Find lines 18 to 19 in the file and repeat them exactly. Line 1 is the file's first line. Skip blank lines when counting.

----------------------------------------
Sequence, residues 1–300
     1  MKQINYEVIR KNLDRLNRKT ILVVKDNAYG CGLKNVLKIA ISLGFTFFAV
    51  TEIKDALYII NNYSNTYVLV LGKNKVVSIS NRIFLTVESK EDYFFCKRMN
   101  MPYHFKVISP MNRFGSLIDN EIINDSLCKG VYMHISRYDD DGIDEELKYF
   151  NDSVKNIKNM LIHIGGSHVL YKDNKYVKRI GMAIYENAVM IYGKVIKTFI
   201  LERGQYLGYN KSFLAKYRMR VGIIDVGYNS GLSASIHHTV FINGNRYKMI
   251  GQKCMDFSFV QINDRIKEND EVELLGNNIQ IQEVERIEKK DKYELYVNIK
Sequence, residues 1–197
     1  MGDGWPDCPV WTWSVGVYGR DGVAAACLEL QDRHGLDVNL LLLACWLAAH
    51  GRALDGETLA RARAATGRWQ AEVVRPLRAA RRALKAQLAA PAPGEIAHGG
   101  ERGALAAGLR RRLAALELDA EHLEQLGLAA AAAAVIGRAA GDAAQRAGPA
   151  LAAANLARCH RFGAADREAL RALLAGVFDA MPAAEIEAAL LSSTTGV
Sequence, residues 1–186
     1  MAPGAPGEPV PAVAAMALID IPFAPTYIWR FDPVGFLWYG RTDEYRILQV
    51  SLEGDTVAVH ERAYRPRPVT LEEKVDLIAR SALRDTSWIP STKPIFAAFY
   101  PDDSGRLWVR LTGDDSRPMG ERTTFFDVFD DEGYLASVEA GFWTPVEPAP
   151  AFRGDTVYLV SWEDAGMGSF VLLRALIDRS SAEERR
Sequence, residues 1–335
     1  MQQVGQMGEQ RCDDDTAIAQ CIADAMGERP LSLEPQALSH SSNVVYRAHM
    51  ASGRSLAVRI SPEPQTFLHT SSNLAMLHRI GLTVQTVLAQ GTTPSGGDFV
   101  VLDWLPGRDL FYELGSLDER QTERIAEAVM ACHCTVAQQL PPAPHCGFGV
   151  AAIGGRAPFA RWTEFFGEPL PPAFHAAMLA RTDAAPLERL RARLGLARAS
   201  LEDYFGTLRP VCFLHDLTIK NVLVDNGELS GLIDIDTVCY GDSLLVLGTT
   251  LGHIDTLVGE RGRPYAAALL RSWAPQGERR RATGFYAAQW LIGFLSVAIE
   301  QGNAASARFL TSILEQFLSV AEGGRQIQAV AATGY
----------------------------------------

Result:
Sequence, residues 1–335
     1  MQQVGQMGEQ RCDDDTAIAQ CIADAMGERP LSLEPQALSH SSNVVYRAHM